AN SNP MP has hit out at the Scottish Government’s suggestion fishing communities should aid the construction of fishing ban plans – likening it to getting ‘ban the bomb’ activists to help build nuclear weapons.

Western Isles MP Angus MacNeil claimed the Government’s target of implementing Highly Protected Marine Areas (HPMAs) in a tenth of Scotland’s waters had no basis in science and blamed the Scottish Greens for setting the figure.

Rural Affairs Secretary Màiri McAllan wrote to the MP after he set out his concerns over the project and assured him HPMAs would “not be imposed on communities that do not want them”.

McNeil said if communities that would be affected by the proposals did not want them, ministers in Edinburgh should ditch their plans.

The Scottish Greens said McNeil was spreading “misinformation and anxiety” by suggesting HPMAs would be imposed on communities that did not want them and insisted the plans were vital to “healthier seas and a flourishing ecosystem”.

READ MORE: SNP MSP Fergus Ewing rips up HPMA plan in Holyrood chamber

McNeil told The National he had found it impossible to speak with the Scottish Government about the proposals.

He said: “Having dialogue with the Scottish Government on this is like nailing jelly to the wall. On the one hand, they tell you they won’t be imposing them on communities that do not want them, on the other they want communities to help shape the creation of these areas.

“It’s a wee bitty like asking CND, ‘We know you don’t like nuclear weapons but help us design them.’

“Government has got to be less tin-eared. People don’t want them – that’s the end of the story.

“It’s a very ambiguous message – there’s no communities that want them, then they want communities to shape the creation of these areas.

“If you’re not going to impose them and nobody wants them, that therefore means they’re finished, over.”

“They’re unnecessary, if anybody damages the environment they’re not going be taking any fish or shellfish out of the area. All they’re really going to do is make them human exclusion zones and that is what the problem is.

“If this were 10% of the land, or it was 10% of the cities, or it was 10% of newspaper pages that had to remain blank then and no journalist knew whether it was them or their colleagues’ stuff that was being chucked out, then there would be justifiable concern.

“But this is under the guise of they’re doing something good for the environment. Firstly we would argue we can’t see any evidence for that and this 10% [target] comes from no science at all, it comes from the squalid, fag packet that is grandly termed the Bute House Agreement.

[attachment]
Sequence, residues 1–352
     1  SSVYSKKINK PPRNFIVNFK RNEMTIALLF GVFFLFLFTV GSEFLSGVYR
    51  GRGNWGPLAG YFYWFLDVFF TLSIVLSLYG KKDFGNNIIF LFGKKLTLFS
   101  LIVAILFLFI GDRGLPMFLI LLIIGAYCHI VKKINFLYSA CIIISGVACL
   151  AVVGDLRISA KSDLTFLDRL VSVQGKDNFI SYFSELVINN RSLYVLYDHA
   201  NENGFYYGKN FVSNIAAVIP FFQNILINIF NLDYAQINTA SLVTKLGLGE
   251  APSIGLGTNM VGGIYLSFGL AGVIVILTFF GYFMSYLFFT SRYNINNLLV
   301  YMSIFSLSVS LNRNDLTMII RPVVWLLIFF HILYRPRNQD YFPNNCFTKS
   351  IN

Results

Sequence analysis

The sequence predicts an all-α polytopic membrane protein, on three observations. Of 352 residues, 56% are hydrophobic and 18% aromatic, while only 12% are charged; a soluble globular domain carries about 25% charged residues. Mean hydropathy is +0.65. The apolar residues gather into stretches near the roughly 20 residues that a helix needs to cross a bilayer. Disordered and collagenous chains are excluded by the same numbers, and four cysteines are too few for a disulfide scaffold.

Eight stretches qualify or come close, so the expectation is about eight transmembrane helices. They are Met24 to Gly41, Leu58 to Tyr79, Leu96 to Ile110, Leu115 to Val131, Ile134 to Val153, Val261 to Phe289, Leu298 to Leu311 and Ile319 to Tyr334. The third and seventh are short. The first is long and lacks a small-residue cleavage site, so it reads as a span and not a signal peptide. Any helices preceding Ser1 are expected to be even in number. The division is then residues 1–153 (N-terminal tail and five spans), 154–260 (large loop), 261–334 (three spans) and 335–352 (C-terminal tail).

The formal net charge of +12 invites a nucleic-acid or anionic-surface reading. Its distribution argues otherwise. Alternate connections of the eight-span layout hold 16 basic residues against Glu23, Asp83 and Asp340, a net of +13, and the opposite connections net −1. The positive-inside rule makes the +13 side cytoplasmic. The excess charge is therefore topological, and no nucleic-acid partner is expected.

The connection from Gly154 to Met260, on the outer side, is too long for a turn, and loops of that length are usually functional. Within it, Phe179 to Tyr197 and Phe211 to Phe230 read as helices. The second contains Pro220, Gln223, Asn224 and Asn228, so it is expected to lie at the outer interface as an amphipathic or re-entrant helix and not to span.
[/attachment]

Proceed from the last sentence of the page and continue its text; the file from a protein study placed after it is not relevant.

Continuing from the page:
READ MORE: If Scotland is to have a fishing industry in decades to come, we need to take action

“It comes out of the top of some politician’s head who, because they brand themselves ‘green’, then pretend they’ve some infallible knowledge about the environment. They don’t. They shouldn’t be called greens they should be called so-called greens.”

Ariane Burgess, Scottish Greens MSP for the Highlands and Islands, said: “We all benefit from cleaner and healthier seas and a flourishing ecosystem. No-take zones are vital to protecting our waters and ensuring a successful and sustainable fishing industry for generations to come.

"Where no-take zones have been tried they have been a big success and have seen real benefits to marine ecosystems and local fisheries. That is what has happened around the world, including at Lamlash bay in Arran, and we want other communities to see the same benefits.

"Nobody is talking about imposing no-take zones on communities that don't want them, and it doesn't help the debate for people to pretend otherwise, least of all politicians. All that does is spread misinformation and anxiety.

"My Scottish Green colleagues and I are working in close cooperation with the Scottish Government and with coastal communities to ensure that local people are right at the heart of the process and site selection.

"It is only by working together that we can ensure a better and more sustainable future for our fishing industry while delivering benefits for people and planet."

The plans have proven controversial with rural politicians, many of whom represent constituencies where fishing is a significant industry. 

Inverness MSP Fergus Ewing tore up the Government's plans in the Holyrood chamber earlier this month in dramatic protest against the proposals. 

The Scottish Government did not respond to a request for comment.